WordPress Security: Part 2 (Or Why fail2ban Rocks)

This guy / gal wants to steal from you.

This joker wants to wreck havoc on your machines, are you going to make it easy?

I wrote previously about a few simple steps for stopping basic attacks in a wordpress install.

Back then I was just dipping my feet into the world of wordpress, and while the steps I outlined there are a solid first step for any noob to take, as I noted in the article they seemed quite dissatisfactory.

In particular, the security plugins touted for wordpress installs are a rather inefficient and slow method of instituting an auto-blocking strategy for malicious bots and other crackers. (That is if you can get the plugin to do its job in the first place, harder than you would think IMHO ;P).

Since the primary annoyance of these bots is that they put a drag on your sites performance, the fact that they are being ‘blocked’ does little good if the blocking itself still eats up the resources of the server.

So after noticing my site was still being overwhelmed by xmlrpc attacks I finally decided to look more deeply into fail2ban, an open source program which auto-scans log files for suspicious activity and institutes automatic bans at the firewall level of the network. This is oodles and oodles more efficient than doing it from a php process (like most wordpress plugins) or even server side (ie: blocking requests through blacklists in apache or nginx).

Rather than produce yet another guide on how to do the installation, I will just point you to two links which are both quite good.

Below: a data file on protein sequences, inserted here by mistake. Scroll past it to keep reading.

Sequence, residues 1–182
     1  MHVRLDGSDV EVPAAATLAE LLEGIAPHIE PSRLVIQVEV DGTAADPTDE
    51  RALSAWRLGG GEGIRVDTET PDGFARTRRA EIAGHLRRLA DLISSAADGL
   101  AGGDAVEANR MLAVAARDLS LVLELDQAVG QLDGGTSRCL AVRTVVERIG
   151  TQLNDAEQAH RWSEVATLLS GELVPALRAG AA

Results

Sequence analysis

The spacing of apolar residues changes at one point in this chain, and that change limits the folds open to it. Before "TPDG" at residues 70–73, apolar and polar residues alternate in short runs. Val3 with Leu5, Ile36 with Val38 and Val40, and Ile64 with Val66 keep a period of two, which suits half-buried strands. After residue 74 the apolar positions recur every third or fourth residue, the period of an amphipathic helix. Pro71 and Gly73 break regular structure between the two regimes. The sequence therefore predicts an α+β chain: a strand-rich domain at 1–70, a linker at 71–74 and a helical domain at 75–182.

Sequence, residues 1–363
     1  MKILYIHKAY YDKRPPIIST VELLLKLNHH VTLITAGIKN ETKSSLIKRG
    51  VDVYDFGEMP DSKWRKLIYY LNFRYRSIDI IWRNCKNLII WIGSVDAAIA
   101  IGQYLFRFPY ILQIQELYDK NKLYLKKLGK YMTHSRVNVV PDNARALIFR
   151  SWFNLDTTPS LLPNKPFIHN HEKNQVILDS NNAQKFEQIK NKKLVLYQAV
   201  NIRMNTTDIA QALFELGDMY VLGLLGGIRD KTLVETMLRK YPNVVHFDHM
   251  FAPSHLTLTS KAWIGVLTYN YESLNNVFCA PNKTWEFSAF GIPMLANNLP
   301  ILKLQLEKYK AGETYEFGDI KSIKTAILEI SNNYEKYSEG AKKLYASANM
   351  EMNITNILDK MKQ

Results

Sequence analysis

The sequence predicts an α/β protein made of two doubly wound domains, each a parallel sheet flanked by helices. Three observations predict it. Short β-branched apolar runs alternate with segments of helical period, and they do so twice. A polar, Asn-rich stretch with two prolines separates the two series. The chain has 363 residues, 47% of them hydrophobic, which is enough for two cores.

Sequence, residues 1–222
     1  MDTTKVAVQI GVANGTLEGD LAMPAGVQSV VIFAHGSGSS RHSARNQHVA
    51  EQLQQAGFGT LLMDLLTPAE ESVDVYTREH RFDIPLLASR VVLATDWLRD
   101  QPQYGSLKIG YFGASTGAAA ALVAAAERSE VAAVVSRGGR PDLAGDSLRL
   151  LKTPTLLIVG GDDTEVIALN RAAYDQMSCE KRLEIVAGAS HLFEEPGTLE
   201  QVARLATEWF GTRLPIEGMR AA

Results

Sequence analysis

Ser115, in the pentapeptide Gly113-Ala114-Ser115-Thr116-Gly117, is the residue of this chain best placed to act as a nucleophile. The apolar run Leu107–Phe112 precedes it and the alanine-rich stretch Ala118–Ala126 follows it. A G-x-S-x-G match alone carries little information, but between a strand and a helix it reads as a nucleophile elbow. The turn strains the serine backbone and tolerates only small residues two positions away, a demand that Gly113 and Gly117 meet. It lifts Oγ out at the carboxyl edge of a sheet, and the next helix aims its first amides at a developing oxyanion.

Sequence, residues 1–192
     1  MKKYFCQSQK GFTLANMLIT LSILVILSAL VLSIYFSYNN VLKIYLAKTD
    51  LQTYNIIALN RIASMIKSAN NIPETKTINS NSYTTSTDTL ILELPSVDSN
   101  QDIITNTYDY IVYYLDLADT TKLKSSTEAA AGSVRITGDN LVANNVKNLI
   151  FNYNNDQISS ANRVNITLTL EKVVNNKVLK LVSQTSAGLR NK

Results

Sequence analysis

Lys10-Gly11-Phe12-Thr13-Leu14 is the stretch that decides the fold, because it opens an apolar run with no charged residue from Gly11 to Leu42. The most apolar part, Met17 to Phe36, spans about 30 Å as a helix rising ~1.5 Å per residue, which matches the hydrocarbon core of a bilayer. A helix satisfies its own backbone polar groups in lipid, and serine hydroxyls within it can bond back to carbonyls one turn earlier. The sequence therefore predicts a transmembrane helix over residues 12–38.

The first article makes no use of any plugin (sweet, aren’t you tired of plugins?). It directly reads the server logs (for example apache or nginx).

The second is plugin based but does not do the actual blocking in the plugin so it’s still performant (the plugin only does some logging to a file and provides configs to fail2ban which tell it how to do the pattern matching).

Although both methods appear to be quite effective, my personal preference is for the first method, as it strikes me as a bit easier to understand exactly what it is doing, and is also one less plugin to worry about breaking your wordpress install. To really know what the second one does you’d need to take the extra step of looking into the plugin code itself which contains the logging logic.

Finally, it’s worth emphasizing that fail2ban is much more than a tool for protecting wordpress. It already comes preconfigured with rules that can be enabled for ssh, nginx, apache, you name. Anything network related that produces logs is game. So it’s really something that should be viewed as part of a more general networking security strategy for servers.


No fancy tricks or popups, simply an article like the above, which I write a few times a month - just for my subscribers.